I studied this play as part of my English Literature GCSE and enjoyed it immensely. The 1954 film is excellent as well.
6. The Faraway Tree Stories by Enid Blyton (first published in 1939)
My year three teacher used to take the class outside during the afternoon to read this to us under a big oak tree at the bottom of the playground. When we were done with it I made my Mum buy me a copy so that I could read it again myself. A few years ago I re-read it and enjoyed it just as much.
I still dream of adventures in the tree with Fanny, Jo, Bessie and Moonface.
7. Kensuke’s Kingdom by Michael Morpurgo (first published in 1999)
This was read to both year six classes in the shared area by the other teacher. I became fully immersed in Michael’s world as he ended up stranded on a desert island and had to fend for himself. With the at first reluctant help of Kensuke, who has been on the island for years, he keeps himself going and learns lots of new skills whilst waiting for his parents to rescue him.
Again, I made my Mum buy it for me as soon as the teacher had finished and have read it several times since.
8. The Catcher in the Rye by J.D Salinger (first published in 1951)
I first read this when I was about fourteen or fifteen and hated it. Absolutely hated it. Every page felt like a chore and I found Holden Coulfield to be a whiny, ungrateful brat.
Then when I was eighteen I re-read it because it was a classic and so many people loved it that I felt the need to uncover what I was missing from it. I’m so glad I gave it that second chance because this time I did understand.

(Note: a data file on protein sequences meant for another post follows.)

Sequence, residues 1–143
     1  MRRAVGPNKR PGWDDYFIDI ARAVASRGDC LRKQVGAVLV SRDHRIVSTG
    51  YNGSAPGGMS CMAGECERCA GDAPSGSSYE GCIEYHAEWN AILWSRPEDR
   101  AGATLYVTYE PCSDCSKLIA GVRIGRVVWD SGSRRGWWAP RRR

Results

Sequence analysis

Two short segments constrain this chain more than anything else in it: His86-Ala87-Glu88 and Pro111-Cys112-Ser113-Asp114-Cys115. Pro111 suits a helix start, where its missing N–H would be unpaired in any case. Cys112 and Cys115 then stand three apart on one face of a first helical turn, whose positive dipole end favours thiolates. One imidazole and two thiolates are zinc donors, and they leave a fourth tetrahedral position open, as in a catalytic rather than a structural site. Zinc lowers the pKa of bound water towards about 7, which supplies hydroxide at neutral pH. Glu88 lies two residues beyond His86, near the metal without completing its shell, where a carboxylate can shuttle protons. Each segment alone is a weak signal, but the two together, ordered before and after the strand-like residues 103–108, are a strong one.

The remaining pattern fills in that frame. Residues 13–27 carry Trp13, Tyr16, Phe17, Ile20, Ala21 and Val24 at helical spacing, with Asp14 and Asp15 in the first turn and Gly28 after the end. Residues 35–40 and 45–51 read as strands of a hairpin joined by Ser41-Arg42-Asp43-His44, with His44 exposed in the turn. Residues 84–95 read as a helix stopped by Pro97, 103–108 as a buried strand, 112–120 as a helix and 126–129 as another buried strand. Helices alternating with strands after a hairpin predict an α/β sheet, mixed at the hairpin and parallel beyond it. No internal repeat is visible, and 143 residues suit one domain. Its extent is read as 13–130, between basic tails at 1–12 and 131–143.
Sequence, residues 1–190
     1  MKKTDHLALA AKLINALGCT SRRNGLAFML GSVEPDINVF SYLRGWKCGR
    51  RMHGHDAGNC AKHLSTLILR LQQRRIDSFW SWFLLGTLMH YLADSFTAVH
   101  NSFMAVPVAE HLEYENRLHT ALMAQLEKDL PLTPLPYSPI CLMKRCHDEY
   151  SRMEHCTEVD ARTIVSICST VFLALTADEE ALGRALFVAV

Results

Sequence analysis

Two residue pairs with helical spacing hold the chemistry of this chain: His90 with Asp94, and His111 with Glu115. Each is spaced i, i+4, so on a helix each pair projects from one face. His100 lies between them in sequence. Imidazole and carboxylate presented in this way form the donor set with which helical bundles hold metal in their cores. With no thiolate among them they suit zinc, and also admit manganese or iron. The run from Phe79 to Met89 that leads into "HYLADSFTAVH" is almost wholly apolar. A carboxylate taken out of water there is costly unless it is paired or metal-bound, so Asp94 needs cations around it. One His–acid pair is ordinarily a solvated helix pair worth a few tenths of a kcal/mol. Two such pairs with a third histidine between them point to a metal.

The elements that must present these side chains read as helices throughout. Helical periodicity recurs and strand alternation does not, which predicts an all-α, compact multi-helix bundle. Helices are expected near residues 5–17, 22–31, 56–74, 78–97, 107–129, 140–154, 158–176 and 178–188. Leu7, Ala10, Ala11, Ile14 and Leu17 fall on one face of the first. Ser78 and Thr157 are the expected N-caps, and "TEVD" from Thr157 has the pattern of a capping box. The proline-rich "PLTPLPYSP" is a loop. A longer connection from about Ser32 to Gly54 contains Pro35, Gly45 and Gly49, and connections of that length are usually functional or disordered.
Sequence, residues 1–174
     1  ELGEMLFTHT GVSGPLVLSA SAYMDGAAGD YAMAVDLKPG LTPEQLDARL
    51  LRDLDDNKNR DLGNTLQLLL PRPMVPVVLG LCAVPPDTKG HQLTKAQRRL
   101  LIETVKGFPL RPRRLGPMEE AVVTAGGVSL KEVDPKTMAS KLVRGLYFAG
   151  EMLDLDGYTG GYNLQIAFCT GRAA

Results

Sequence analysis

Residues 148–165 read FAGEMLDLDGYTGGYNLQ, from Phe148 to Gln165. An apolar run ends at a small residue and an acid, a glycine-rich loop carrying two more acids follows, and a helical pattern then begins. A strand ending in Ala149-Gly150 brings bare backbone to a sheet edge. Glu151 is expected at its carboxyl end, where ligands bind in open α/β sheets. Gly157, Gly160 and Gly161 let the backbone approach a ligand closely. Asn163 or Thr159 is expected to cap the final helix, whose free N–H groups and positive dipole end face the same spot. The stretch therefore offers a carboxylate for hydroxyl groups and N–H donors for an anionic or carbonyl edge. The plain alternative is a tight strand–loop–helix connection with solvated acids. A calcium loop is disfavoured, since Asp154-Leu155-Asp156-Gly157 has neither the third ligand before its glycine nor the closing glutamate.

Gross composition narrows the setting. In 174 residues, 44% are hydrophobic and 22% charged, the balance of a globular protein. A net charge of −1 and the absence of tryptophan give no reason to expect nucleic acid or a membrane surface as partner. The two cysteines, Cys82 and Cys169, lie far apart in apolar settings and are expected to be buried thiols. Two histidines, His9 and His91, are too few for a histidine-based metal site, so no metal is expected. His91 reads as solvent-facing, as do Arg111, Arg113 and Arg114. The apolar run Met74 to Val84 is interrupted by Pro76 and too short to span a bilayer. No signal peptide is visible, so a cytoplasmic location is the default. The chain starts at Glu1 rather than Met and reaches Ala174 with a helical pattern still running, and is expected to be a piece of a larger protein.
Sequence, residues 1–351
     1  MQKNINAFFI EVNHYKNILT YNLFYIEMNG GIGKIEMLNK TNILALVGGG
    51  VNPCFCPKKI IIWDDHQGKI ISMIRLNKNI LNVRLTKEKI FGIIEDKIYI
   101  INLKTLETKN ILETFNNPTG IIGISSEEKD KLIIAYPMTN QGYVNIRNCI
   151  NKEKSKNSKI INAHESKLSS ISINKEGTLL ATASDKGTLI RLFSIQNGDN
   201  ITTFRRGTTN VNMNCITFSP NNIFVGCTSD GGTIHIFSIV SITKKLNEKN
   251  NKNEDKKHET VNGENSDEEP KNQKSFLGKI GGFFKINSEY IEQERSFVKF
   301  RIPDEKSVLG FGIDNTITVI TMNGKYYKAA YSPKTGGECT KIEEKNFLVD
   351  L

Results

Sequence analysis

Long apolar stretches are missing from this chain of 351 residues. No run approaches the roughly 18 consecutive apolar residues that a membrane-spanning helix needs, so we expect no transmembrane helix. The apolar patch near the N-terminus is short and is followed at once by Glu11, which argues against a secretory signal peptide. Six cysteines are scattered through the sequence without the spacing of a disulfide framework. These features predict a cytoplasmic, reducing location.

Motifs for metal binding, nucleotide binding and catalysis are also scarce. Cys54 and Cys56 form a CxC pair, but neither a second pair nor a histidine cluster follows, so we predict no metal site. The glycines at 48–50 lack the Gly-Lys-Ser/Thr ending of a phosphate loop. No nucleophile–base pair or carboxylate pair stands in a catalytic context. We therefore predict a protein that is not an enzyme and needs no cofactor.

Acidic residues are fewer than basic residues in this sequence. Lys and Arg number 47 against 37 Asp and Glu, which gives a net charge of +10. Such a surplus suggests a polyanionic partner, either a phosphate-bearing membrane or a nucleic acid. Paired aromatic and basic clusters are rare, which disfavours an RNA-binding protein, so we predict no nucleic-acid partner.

Holden was going through the same things I was and so I could relate this time. We both had good families, we never went without anything and we were smart but something was slipping. We couldn’t cope with the pressure of school or of growing up and the anxiety was draining us.
Holden, as a character, helped me a lot in that time of struggle and I hope that any young adults reading this who are seeing hints of themselves in this will pick it up.
9. To Kill A Mockingbird by Harper Lee
I was assigned this in my English Literature class at college but ended up spending most of my time reading this instead of actually doing my work.
Scout is an engaging narrator who navigates the world around her with curiosity and innocence. When her father, who is a lawyer, takes on the case of a black man accused of raping a white woman she must learn that doing the right thing is not always easy but should be done regardless.
Seeing a young girl’s perspective of living in a small southern American town in 1935 amongst racial hatred was very enlightening and her observations were profound without the author losing the integrity of Scout’s voice in terms of her age.
If you are getting into classics, are a history buff or you enjpy law then I would definitely recommend this.
10. The Yellow Wallpaper by Charlotte Perkins Gilman (first published in 1890)
The protagonist has been sent to a mental institute (although she thinks it’s a quaint hotel) for a while by her husband who is a doctor. He thinks that she is suffering from hysteria but we now recognise it as being post-natal depression.
While she is there she keeps a secret journal in the room that she is locked in, the room with the horrid yellow wallpaper that seems to come alive at night and strangle her.
This is a feminist text that comments on the treatment of women as lesser and how the protagonist was never allowed to make her own decisions. I also studied this in English Literature and read it over and over again during class instead of paying attention.
It’s gripping, thought provoking and just… sad, really.
I hope you have enjoyed this post and I hope that it wasn’t too long!
Also, thank you to FlightyPig for helping me with the pictures 🙂